Buying a new home is exciting, but it is also a massive commitment of time and money. It is important not to lose sight of practicality when purchasing a house. If something doesn’t seem right, it probably isn’t. These nine issues need to be kept in mind when you are looking to buy a house.
1. Do your homework
The asking price might seem reasonable, but can the market support it in that area and for the number of square feet? Research the comparable properties to determine if it is a fair price. Without this information, the offer would be akin to bidding blind.
Property tax records are also vital. Check them out before deciding whether to put in an offer. Then use this information to craft a fair and reasonable bid for the property.
2. Buy the right house
The price might be correct, but is it the right house for you?
What does your ideal place look like, and where is it located?
It is easy to get overwhelmed when looking for your perfect home, and compromising on size and location may seem okay at the time. However, when the excitement subsides, you could end up with a house that is either too big or too small or is too far from where you need to be.
Before beginning the house-hunting process, write down what you are looking for and do not vary too much from your initial game plan.
3. Ensure the title is clear
One of the first things to do once you have decided on a house is to have a title search completed. You want to make sure that the property title is free and clear to avoid issues such as easements or tax liens.
4. Request an accurate property survey
An essential part of any property purchase offer is the request for a survey. Boundaries should be marked and up-to-date to avoid conflict with adjoining property owners or local ordinances. You may have plans to add a swimming pool once you move in to find that the actual property line precludes it.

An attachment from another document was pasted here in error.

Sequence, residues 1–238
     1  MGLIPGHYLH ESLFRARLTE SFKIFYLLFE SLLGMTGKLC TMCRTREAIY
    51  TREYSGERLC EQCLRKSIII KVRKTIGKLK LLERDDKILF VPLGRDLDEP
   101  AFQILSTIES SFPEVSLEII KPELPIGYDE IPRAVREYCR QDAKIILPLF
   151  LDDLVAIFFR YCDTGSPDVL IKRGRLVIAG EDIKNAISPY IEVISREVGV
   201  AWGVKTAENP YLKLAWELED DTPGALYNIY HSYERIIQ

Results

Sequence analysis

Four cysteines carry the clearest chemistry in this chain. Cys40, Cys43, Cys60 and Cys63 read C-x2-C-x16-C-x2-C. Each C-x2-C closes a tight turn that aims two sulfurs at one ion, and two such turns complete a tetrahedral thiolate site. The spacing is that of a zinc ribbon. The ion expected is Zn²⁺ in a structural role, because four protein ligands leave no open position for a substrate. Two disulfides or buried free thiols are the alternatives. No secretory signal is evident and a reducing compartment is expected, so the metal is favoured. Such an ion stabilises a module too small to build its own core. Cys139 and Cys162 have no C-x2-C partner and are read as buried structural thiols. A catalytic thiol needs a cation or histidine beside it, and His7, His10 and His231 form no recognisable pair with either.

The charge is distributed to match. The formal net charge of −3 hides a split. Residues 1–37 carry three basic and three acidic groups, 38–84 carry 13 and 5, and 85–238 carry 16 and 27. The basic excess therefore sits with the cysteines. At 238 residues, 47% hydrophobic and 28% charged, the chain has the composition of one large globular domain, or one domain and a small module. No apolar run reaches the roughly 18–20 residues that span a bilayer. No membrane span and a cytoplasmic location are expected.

5. Conduct a home inspection
Both you and the seller are trying to get the best deal for yourselves. Hire an independent property inspector to thoroughly examine the house and prepare a written home inspection, including a list of items that need to be fixed. Also, contact appropriate contractors for the estimated costs of those repairs.
Sellers will not necessarily hide pre-existing conditions but might not always divulge them either. For example, many homes are prone to groundwater flooding, which is costly to remediate. An experienced property inspector should be able to identify signs of previous flooding, which will save you considerable expense in the future by requesting that the seller either fix it or reduce the sale price accordingly.
6. Obtain a pre-approved mortgage
Nothing is more disheartening than finding your dream home to discover that you cannot afford it. Mortgage pre-approval is a fast and easy process and sets the parameters for your house hunt. A pre-approved mortgage also is a benefit if there are multiple offers on the house and yours is the only one with guaranteed money.
7. Adhere to the contract
The contract should include any repair issues requested by the buyer. Be sure to hold the seller accountable for each problem, preferably before you are at the settlement table.
8. Understand all hidden costs
Mortgages typically are full of hidden expenses such as underwriting and loan origination fees. Sit down with your lender ahead of time and review these hidden costs to ensure you have no surprises on the closing day.
9. Take your time on closing day
The closing day is a stressful yet exciting time. Be sure to look at every page that you sign to ensure that it reflects your understanding of the transaction. Do not rush the settlement just to get the keys to your new house, as doing so could result in having to live with long-term issues.
These are just a few items to keep in mind as you conduct your hunt for the perfect house. Take your time, identify your needs, and do not stray off course.